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In Part 3a of the Cloud Optimized Storage Solution series, I covered the concept of data tiering within the COSS solution.  In this particular post, I’m going to start the conversation on how SLAs may tie into the overall concept of data tiering as well as infrastructure access SLAs. This particular post is more of a “working edition” than anything else, so, comments are certainly welcome and warranted. 

Service Level Agreements provide additional frameworks for data storage and access along with particular sensitivities to the methodology of access as driven by compliance.  Understandably this subject is very broad in scope so, for the purpose of clarity, focus will be given to two basic SLA metrics: data storage and data access.  These SLAs serve two purposes: to structure the type of relationship between a customer and their data within the cloud and provide a legal framework whereby customer and provider realize risks/benefits and provide remediation.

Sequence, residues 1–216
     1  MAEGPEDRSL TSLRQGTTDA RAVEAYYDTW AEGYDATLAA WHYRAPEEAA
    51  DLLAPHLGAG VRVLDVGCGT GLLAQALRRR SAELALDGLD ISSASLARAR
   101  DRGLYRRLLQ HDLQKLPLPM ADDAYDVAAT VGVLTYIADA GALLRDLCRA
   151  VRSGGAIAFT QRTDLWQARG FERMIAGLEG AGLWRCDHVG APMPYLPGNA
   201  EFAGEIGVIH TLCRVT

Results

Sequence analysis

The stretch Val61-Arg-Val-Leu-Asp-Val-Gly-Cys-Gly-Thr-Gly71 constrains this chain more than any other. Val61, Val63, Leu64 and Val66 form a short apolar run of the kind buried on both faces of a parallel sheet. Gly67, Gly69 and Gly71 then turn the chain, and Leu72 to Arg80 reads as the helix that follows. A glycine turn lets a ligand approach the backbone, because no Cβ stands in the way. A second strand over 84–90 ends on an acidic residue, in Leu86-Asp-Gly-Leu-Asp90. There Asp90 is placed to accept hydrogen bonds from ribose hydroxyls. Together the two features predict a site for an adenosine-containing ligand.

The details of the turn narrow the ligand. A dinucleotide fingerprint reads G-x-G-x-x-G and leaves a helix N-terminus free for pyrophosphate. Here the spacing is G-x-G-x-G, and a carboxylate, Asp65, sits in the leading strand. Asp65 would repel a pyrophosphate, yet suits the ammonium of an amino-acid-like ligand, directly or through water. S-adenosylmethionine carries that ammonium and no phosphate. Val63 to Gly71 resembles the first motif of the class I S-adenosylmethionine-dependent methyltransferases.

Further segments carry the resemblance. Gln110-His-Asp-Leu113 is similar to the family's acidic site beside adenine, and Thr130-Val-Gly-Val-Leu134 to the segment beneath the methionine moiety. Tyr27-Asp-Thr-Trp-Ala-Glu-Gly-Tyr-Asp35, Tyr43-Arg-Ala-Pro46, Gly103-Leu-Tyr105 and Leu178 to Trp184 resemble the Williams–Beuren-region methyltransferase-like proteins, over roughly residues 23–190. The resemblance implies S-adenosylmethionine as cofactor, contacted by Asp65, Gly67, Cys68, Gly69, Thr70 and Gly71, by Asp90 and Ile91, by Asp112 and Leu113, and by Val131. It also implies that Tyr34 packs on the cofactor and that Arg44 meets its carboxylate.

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Shared Filesystems in the Cloud

by dave on February 11, 2009


Earlier this morning, Scott Lowe posed the following question:  What if hypervisors shared a file system? The concept here is that most hypervisors (notably VMware and [soon] Hyper-V) have a clustered file system that is used to extend the capabilities of a group of hypervisors into such things as dynamic resource sharing, failover/failback, HA, etc.  The natural extention of this, when looked at from a longitudinal viewpoint, is extending the same basic model into the cloud.

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